Friday, April 30, 2010

Sit With Me

Instead of going to Curves to work-out this morning as I usually do, I decided to walk in the conservancy. The prediction is for thunderstorms later today, making a walk later a possible problem. Besides, I felt pulled by birdsong. I was there early and only passed one huffing and puffing jogger as I strolled easily, stopping occasionally to pinpoint the locations of the tweets, chirps, trills and honks. I've noted this spring how I hear sandhills frequently, almost every time I walk out the front door, but only rarely see them. Maybe this morning.

The skies didn't reward me with sandhills, but instead with a red-tail hawk soaring, swooping, almost swooning in his love of the early morning softness. I pay attention to hawks. They are one of my totems. Hawks are messengers, visionaries, reminders of the bigger picture and the ability each of us has to look deeply within for the inner light that guides us. I pay attention to hawks, and this one chose a sky-path over the springs in the conservancy. I followed, realizing what I most needed to do this morning was to sit in my own silence and open to the spiritual practice of centering prayer.

Centering prayer is a contemplative practice of opening to God, consenting to God's presence within, finding repose and resting in God, and moving beyond thoughts, images, and emotions. Centering prayer requires intention and patience and practice. There is a reason spiritual practices are called just that!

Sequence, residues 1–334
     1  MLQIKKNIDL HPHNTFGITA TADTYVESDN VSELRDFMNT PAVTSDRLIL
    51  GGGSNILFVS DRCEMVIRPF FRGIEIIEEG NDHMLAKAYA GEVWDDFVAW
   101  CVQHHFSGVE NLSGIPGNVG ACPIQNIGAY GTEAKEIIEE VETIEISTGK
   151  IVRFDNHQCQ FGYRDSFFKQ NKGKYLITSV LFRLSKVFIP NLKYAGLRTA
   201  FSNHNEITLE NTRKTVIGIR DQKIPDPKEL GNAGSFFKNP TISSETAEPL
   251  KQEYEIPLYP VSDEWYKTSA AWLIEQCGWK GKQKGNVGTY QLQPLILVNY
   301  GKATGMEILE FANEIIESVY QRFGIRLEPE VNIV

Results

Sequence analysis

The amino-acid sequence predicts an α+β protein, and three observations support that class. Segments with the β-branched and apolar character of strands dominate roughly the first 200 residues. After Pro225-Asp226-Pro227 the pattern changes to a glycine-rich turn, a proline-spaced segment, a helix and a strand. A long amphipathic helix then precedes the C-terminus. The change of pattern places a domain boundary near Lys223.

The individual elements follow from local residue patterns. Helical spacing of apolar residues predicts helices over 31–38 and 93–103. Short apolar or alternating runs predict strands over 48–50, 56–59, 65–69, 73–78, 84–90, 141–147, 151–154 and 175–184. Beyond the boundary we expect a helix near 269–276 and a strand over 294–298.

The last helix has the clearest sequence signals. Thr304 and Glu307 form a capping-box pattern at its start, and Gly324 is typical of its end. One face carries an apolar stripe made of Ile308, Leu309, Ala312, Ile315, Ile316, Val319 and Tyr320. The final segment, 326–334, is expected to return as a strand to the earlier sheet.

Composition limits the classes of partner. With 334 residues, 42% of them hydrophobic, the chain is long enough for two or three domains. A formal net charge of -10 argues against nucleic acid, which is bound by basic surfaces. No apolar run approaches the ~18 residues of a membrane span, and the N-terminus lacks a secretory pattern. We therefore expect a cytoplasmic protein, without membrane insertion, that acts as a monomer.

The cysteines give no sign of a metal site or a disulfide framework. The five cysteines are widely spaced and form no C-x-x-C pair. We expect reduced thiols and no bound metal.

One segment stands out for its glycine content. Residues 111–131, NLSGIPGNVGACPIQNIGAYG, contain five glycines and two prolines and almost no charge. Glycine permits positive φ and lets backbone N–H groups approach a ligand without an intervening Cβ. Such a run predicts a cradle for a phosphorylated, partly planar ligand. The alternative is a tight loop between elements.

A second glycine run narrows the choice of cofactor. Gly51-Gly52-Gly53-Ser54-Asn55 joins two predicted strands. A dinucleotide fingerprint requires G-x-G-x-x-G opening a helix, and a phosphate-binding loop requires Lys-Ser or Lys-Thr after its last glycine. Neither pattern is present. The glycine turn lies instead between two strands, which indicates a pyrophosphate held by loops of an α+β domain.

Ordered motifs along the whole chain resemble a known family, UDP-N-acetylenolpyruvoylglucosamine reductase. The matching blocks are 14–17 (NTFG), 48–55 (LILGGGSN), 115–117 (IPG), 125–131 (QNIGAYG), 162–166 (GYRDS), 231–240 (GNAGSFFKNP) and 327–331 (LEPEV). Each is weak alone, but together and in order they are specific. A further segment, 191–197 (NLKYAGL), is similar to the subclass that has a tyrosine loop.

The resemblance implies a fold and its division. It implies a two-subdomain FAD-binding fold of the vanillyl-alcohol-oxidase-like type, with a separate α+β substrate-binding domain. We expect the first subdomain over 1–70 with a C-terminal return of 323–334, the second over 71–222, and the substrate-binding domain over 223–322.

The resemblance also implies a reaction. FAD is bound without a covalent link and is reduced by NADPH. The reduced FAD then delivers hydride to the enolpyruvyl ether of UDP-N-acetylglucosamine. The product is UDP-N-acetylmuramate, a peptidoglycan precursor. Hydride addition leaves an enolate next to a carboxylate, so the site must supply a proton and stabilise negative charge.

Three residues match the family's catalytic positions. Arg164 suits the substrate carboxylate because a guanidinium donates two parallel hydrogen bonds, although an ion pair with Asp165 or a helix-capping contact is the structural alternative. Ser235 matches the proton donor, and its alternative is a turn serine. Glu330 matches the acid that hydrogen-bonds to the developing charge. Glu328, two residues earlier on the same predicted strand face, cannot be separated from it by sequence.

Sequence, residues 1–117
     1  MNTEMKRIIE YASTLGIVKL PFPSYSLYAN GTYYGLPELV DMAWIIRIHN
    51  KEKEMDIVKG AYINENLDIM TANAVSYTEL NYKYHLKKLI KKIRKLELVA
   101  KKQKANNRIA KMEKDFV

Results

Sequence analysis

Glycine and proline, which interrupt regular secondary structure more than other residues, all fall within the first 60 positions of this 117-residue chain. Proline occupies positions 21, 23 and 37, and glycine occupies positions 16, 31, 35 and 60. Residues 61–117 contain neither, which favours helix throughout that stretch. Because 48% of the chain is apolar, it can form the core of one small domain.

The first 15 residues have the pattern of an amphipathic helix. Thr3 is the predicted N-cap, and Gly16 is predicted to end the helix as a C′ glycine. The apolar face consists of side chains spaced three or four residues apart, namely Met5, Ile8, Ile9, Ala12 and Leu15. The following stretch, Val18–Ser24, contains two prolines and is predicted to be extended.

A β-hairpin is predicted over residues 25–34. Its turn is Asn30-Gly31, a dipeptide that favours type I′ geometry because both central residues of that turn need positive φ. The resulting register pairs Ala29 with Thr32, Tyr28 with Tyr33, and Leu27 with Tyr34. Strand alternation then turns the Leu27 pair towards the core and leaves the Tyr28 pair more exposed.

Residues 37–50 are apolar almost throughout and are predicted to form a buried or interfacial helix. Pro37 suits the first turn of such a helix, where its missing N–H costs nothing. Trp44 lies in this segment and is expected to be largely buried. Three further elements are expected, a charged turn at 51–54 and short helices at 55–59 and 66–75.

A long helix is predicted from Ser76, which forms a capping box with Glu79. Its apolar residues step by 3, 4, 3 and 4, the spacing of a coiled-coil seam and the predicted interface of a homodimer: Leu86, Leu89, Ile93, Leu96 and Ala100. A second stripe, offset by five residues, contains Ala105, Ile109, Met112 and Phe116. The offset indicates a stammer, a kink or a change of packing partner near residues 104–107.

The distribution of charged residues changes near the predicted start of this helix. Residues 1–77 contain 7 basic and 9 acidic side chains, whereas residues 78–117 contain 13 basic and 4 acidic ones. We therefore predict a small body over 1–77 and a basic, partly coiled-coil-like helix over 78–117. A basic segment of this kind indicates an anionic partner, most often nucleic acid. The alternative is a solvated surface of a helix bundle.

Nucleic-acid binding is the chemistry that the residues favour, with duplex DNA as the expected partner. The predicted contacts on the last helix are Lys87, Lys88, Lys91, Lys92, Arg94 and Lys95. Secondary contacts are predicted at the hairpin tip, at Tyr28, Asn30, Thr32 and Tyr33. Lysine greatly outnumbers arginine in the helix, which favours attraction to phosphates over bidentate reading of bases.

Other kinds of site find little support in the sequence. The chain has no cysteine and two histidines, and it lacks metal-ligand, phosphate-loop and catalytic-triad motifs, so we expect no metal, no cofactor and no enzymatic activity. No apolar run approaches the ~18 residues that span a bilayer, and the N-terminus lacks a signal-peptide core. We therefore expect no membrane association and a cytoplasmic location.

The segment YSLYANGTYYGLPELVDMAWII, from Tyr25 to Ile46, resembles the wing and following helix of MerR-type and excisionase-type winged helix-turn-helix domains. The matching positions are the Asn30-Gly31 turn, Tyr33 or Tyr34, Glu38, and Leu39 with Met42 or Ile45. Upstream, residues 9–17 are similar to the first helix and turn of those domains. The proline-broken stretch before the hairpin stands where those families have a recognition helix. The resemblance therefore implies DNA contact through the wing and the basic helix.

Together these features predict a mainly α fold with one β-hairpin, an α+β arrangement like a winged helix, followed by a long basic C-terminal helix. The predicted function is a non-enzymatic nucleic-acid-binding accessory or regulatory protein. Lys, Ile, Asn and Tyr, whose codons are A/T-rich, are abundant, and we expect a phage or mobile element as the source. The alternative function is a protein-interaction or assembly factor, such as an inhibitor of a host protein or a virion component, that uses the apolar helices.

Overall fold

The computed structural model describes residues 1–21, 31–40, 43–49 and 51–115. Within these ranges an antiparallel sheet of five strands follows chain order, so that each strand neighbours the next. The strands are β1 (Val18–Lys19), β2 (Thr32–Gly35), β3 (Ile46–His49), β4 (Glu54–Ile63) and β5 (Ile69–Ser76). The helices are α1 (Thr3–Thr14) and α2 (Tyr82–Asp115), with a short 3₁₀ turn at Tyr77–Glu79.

I've walked to the springs before and stood at the railing, watching with fascination the bubbling from the bottom of the shallow water and the forming of spirals, temporary labyrinths. I told myself to bring my journal here and sit and wait and allow whatever needs to be expressed to come bubbling forth. The hawk told me to be here today. I sat on the bench, set the timer on my i-phone for 20 minutes, took a deep breath, closed my eyes and offered my intention to rest in God. Of course, many thoughts appeared. I am overloaded with thoughts, but I kept returning to the sacred word I have found as my touchstone for centering prayer. Again and again--and again--I return to the sacred word, resetting my intention to rest in God. Sooner than I expect, the harp music of my i-phone timer plays. The 20 minutes are up, and I head back towards home and my plan for the day.

Was it a "successful" time? Yes, because I practiced and accepted God's invitation to open, but was there a moment of experiencing union with God? No, not really. There have been moments during centering prayer or doing T'ai Chi or walking a labyrinth when I have felt God's presence almost tangibly, but the moment I recognize it, it is gone. That knowing is seductive and hard not to grasp greedily. Today, however, was much more about intention, following the hawk, and trusting that the space I create within myself through this practice allows healing to occur. I have no idea what the fruits will be, but Father Thomas Keating, the founder of the Centering Prayer Movement and author of Open Mind, Open Heart, The Contemplative Dimension of the Gospel says, "God is patient and waits for the right moment in which you are ready for the insight that will free you."

Oh, and by the way, as I turned toward home I spotted two sandhills retracing the hawks highway.


  1. Wonderful - great description of Centering Prayer!

  2. Thank you; I've been feeling the nudge to return to Centering Prayer after water completely damaged my home.........I realized I needed to remind myself that peace of heart and mind come from outside the material and that it's far more lasting than the" things" we attach ourselves to. Grace